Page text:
For many, Brighton is home to the new, hip and trendy – no place for those stuck in the past, it would seem. Beneath the chic restaurants and stylish shops, however, there’s plenty of history to this most contemporary of seaside cities. We’ve gone hipster-diving through the archives and pulled out some strange and interesting facts for you to enjoy. Here are Six Things You Didn’t Know About Brighton’s History.
Brighton’s Woolly Mammoths
Way back before there were fish ‘n’ chip shops along the Brighton front – or even a place called Brighton – the site of the city was home to a whole host of huge prehistoric creatures. Recent excavation of the soil surrounding the city centre has shown a small layer of earth below the upper cliffs that dates back over 200,000 years. This slither of dirt was once the Sussex coastline and has revealed incredible archaeological finds including the bones of mammoths, woolly rhinos, bison and whales. Human settlements have also been discovered in this strip of turf, and the high frequency of spearheads may suggest that Brighton’s ancient counterparts were in fact hunters of the regions’ Ice Age beasts. You can see this layer of prehistoric soil for yourself by visiting the cliff face directly behind the Asda in the Brighton Marina.
Woolly Rhinoceros Hunt, Horniman Museum, London. Jim Linwood
Charles II’s Escape
Brighton has had many important guests pass through its ports leaving for Europe, but few have been quite as important as Charles II. The monarch’s father Charles I was famously deposed and executed in 1649 following the English Civil War. Two years later, Charles II mounted a second Civil War in an attempt to reclaim the throne. His efforts, however, were thwarted by Oliver Cromwell at the Battle of Worcester, and he was forced to flee. During his daring escape, Charles II passed through Brighton – or Brighthelmstone, as it was then known – to Shoreham, just a few miles west along the coast, before sailing to Le Havre. The retreating monarch’s journey is full of fantastical stories. Charles famously hid up an oak tree to avoid passing soldiers, and on another occasion posed as a travelling servant. In Shoreham soldiers supposedly arrived to catch the exiled royal just two hours after his boat departed the port. Charles II eventually returned to England in 1660 to be re-appointed king. The site of his lucky escape, Shoreham, is easy to visit from Brighton, lying just to the west of Brighton Airport.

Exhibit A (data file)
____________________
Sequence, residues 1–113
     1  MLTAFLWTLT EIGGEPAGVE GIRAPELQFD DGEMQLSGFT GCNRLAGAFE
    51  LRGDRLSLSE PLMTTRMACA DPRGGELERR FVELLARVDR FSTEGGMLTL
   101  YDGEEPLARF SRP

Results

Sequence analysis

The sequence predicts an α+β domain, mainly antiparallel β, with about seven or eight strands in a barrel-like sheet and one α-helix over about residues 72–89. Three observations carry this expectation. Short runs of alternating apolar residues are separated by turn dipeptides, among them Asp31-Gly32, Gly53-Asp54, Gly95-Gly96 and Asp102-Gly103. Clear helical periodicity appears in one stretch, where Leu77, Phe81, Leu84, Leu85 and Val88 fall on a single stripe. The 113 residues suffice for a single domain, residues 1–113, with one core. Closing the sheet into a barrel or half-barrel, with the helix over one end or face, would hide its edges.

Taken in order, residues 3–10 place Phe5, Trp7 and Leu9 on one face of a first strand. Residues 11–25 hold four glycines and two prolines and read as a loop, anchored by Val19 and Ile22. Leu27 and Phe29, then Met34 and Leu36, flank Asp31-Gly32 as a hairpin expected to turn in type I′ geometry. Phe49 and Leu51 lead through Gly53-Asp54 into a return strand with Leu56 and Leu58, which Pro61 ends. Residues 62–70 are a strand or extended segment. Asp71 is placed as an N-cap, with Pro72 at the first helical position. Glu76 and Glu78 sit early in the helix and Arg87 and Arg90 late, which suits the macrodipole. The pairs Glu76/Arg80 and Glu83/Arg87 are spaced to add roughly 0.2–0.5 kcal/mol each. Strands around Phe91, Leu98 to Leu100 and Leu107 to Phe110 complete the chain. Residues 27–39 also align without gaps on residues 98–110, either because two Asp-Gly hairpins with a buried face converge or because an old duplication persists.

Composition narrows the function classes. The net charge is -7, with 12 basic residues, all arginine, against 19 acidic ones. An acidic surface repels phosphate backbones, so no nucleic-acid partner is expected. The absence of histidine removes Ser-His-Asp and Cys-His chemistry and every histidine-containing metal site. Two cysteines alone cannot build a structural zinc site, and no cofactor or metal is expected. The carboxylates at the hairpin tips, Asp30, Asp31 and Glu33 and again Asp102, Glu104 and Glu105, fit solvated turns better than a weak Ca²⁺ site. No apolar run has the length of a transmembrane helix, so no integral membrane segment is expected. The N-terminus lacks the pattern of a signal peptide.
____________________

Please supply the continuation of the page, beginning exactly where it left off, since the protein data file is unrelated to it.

Statue of Charles II. Photo Credit: Sharaf
Britain’s First Filmmaker
It is a little known fact that Britain’s first films were made in Brighton. Less than a year after the Lumière Brothers first demonstrated their new motion picture technology to the world at the Paris Exhibition of March 1895, a Brighton local George Albert Smith purchased one of the French pair’s cameras and set about experimenting back in his seaside home. The city proved the perfect spot for the former circus showman’s enterprise: the south coast sun provided that extra bit of light needed for the primitive recording technology. Albert Smith went on to make over twenty films and pioneered many of the earliest approaches to film editing. You can learn more about Britain’s earliest film pioneer and his Brightonian successors at the Brighton Museum’s Experimental Motion exhibition, on display until 4 June.
A Kiss in the Tunnel by GA Smith, 1899. Credit: BFI National Archive
Film wasn’t the only technology that was pioneered in Brighton: telephones also found an early home in the Victorian coastal resort. Brighton was the first city to have a long distance telephone connection to London, and one of the first six British cities to have their own internal network. It was also the first area in Britain to have a yellow pages! Local inventor and entrepreneur Magnus Volk bought the area’s first device in 1879 and strung the first cable across Stanford Avenue to his friend William Jago, a science professor at Brighton School of Science and Art. Unfortunately, Volk’s neighbours did not take kindly to the look of the dangling wire, and he was asked to take the contraption down. The site of Brighton’s first telephone can still be visited, only a few minutes’ walk from London Road Brighton Station.
The Royal Pavilion and a Flea Circus
You can’t miss The Royal Pavilion walking through Brighton’s city centre. The elaborate Oriental structure was first built in 1786, commissioned by Prince Regent George. Since then numerous annexes and interiors have been added, eventually leading to today’s tourist attraction. The Royal Pavilion’s history, however, has been far from smooth. In 1849, Parliament almost passed a bill that would have allowed the architectural oddity to be demolished – it was only thanks to local investment that the building survived. Even after this, the structure’s future was uncertain. The premises were used for a series of disparate functions including a library, a hospital and even a flea circus. You can learn all about the Royal Pavilion by visiting the building, or read our handy Discover guide!
Photo Credit: Dun.can
Brighton in Flames
Here’s a real history fact: Brighton almost never existed. The city, then coastal village, danced with destruction in 1514, when the small fishing port was attacked by French raiders. The English had been at war with France since 1511, and, from the limited accounts we have, this marauding fleet appears to have attempted to pillage much of the south coast. Auxiliary forces eventually arrived to repel the raiders, but by then much of Brighton had been burnt to the ground. Not much is known about the attack, and almost no marks of the destruction survive. The raid is believed to have begun in Rottingdean, however, and progressed all the way up to Lewes – not a bad journey if you fancy a historical day out!